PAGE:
Dinosaur’s fossilized ribcage

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Christine Janis, a fellow graduate student at Harvard in the mid-seventies, was the first to excite my interest in the digestive organs. (real size dinosaur)She pointed out that teeth and jaws tell only half the story. (dinosaur factory)Nearly all plant-eaters have fermenting vats, enlarged chambers where food sits and soaks while microbes attack it with powerful enzymes. Janis stressed how enormous is the variation in location chosen by natural selection for the fermenting site.


Ruminants–the deer–cattle–antelope family–chose a forward site and remodeled their stomach into a complex multi-chambered rumen where the bolus is soaked by enzymes. Since the rumen is located in the forward stomach compartment, a deer, antelope, or buffalo can crop leaves, wad them up into a bolus, pass it down for presoftening, then pass it back up to the teeth for a thorough chew after the leaves have been softened. (life like dinosaur)Forward locations offer substantial advantages—teeth are saved from unnecessary wear when all food is presoaked and softened. Horses, rhinos, and elephants, on the other hand, chose a rearward location, a pocket evolved far back in the intestine or colon. Rearward location has one major disadvantage—the bolus can’t make any sort of return to the mouth. But since the rear of the body cavity is spacious, its advantage is that rearward fermenting vats can be huge.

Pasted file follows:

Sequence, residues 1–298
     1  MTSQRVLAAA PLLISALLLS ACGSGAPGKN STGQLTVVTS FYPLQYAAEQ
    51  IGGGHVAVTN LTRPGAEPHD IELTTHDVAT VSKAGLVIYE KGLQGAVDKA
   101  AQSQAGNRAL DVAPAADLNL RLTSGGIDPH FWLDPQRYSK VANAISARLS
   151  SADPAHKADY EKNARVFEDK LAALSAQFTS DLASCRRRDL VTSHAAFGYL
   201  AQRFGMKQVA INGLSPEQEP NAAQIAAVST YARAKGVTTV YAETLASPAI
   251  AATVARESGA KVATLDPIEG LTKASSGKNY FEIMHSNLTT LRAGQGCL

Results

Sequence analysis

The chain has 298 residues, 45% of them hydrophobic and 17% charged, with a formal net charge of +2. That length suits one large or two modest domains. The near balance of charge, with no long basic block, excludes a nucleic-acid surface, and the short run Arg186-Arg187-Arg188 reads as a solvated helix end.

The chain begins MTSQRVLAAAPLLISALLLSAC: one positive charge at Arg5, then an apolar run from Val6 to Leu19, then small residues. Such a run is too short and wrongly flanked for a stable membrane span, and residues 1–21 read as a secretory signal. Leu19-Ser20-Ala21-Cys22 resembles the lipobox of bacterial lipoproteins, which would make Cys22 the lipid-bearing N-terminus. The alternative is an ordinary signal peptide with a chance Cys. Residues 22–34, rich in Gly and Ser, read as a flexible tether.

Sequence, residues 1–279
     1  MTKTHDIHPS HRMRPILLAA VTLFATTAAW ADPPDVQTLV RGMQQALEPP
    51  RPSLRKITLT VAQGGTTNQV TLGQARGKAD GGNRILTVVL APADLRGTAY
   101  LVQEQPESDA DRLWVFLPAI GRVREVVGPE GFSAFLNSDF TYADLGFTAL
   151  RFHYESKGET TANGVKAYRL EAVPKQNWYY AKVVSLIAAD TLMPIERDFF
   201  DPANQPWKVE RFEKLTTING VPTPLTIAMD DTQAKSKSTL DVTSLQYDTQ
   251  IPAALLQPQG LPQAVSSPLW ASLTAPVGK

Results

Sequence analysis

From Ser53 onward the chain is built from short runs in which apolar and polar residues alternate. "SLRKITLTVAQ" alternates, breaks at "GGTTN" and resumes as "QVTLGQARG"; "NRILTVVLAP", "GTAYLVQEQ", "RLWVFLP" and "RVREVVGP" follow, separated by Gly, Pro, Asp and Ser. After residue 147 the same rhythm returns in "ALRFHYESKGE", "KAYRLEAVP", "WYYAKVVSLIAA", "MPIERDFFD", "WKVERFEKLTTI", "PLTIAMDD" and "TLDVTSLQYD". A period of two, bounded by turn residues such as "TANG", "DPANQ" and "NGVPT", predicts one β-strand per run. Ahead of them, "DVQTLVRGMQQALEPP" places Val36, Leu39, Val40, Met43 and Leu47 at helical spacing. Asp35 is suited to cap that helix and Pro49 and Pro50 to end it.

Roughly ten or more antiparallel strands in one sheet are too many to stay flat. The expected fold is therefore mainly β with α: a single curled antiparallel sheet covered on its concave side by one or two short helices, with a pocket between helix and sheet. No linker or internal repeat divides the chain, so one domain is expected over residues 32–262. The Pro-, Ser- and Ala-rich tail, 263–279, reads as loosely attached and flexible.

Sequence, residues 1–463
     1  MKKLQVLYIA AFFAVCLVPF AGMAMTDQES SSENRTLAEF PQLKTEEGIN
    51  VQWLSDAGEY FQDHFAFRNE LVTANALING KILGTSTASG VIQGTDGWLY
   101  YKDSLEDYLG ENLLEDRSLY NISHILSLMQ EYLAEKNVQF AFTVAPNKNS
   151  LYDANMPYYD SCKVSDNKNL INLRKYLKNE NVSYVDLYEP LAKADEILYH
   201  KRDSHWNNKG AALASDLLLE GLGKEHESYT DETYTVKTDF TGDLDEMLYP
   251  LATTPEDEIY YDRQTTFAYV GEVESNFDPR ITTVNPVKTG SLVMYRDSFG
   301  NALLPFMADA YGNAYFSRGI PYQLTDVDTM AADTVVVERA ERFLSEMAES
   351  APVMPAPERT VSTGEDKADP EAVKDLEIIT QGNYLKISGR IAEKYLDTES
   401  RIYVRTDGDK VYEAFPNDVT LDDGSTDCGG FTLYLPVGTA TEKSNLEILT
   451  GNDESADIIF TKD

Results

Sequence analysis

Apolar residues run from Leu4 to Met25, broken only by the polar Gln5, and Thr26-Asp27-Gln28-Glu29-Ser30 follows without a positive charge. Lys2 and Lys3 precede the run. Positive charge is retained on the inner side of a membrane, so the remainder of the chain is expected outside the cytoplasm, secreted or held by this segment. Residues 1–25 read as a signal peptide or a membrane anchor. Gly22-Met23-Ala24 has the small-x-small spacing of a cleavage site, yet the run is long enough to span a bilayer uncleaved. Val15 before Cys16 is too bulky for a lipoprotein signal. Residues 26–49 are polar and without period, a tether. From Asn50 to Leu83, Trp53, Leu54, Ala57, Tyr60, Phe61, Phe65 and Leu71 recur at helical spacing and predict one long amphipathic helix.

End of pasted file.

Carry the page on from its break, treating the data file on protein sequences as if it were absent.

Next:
A dinosaur’s fossilized ribcage can reveal a great deal about the organs it housed—information largely ignored until recently. For one thing, how big the dinosaur’s digestive chambers were can be gauged by the size of the ribcage.(animatronic dinosaur costume) Orthodoxy maintains that many dinosaurs were too weak-toothed to eat tough plants; but large digestive tracts could compensate for weak teeth. Janis made a point often ignored by bone-and-teeth paleontologists: The better the enzyme soak given to food, the fewer the teeth needed to deal with any specific food texture. A good case in point: Today’s herbivorous lizards usually have relatively small, weak teeth and until recently had the reputation of being inefficient plant-eaters, but recent experiments show that some lizards carry out very effective rearward fermentation in their extra-long intestines. Giant ground birds—rheas and ostriches—have tiny heads and no teeth whatever, yet these birds successfully employ rearward fermentation on a large scale.